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Message de imightbewrong posté le 2004-08-17 17:13:47 (S | E | F | I)
Can anybody tell me the meaning of " to push one's luck" and "to saddle up"?
Thanks for your answers.


Réponse: re:Translation please de liz66, postée le 2004-08-17 17:18:04 (S | E)
to push one's luck: y aller fort, exagérer!


Réponse: re:Translation please de willy, postée le 2004-08-17 17:33:18 (S | E)
To saddle up : you do so before you ride a horse : ...


Réponse: re:Translation please de serena, postée le 2004-08-17 19:23:29 (S | E)
to push one's luck : forcer sa chance

to saddle up : seller son cheval


Réponse: re:Translation please de traviskidd, postée le 2004-08-17 21:30:32 (S | E)
To push/press one's luck = pousser trop loin sa chance. tester une fois trop sa chance après avoir eu des succès,, prendre trop de risques.

---
I just saw serena's translation. I think I would trust hers

-------------------
Edité par traviskidd le 2004-08-17 21:32:49


Réponse: re:Translation please de imightbewrong, postée le 2004-08-17 21:37:32 (S | E)
So does "Don't push your luck" mean like "Ne prends pas trop la confiance" or "ne t'enflamme pas" and in that case, is it that familiar?


Réponse: re:Translation please de serena, postée le 2004-08-17 23:24:33 (S | E)
no, imm..... ;) , "to push one's luck" means " donner un coup de main à la chance.
for example, if you're given a chance ( une occasion ) to do something, and you seize it, and you succeed, then, you had pushed your luck.


Réponse: re:Translation please de traviskidd, postée le 2004-08-17 23:46:43 (S | E)
No serena ... imightbewrong is in fact not wrong but correct!!

"You're lucky that your salary is $40,000 per year. Don't push your luck by asking for $50,000!!!"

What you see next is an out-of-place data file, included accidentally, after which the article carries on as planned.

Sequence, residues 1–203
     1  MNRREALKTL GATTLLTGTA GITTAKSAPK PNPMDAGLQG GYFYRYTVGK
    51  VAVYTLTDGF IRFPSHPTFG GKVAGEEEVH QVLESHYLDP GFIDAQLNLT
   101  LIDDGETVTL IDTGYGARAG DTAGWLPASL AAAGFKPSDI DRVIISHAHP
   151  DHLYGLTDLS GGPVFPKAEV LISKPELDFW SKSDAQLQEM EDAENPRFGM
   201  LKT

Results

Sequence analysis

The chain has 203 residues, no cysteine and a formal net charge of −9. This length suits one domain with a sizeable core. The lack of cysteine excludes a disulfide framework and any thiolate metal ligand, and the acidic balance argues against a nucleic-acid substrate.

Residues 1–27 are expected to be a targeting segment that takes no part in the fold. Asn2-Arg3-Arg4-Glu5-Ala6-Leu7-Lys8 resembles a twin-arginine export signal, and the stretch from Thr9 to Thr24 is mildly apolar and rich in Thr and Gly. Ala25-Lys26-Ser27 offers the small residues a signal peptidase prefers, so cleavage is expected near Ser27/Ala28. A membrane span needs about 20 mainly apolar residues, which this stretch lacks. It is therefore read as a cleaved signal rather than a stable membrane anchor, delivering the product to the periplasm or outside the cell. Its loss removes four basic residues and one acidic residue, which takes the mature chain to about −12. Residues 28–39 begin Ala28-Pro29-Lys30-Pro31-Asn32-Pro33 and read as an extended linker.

Réponse: re:Translation please de serena, postée le 2004-08-18 00:02:12 (S | E)
are you sure ?

I would rather say : the boss appreciates my work, I'm going to push my luck and ask for a rise."

But if we consider your definition, then you're right : To push/press one's luck = pousser trop loin sa chance. tester une fois trop sa chance après avoir eu des succès,, prendre trop de risques.

the one I gave is: forcer sa chance.


-------------------
Edité par serena le 2004-08-18 00:31:19


Réponse: re:Translation please de traviskidd, postée le 2004-08-18 01:47:50 (S | E)
ok. I trusted your translation because you know French, but I think this time you didn't really know the English! Your example is not really correct, although I will admit it does make a little sense. But in your case you're not really pushing/pressing your luck, you are just seizing and taking advantage of an opportunity, not to mention an opportunity
that you worked hard to create for yourself.

You worked for your boss's appreciation, you didn't get it by luck.
Therefore you're not "pushing your luck" in asking for a raise.

I don't know if there's a succinct way of conveying the notion of "to push one's luck" in French. Perhaps the ones that imightbewrong gave are the best. On the other hand, you seem quite satisfied with mine.

There was a game show that I loved as a child in the 80s, called "Press Your Luck". I don't think I could do it justice by trying to describe it, but if you're interested you can find information about it on the Internet. If you ever get a chance to watch it, though, I strongly recommend it!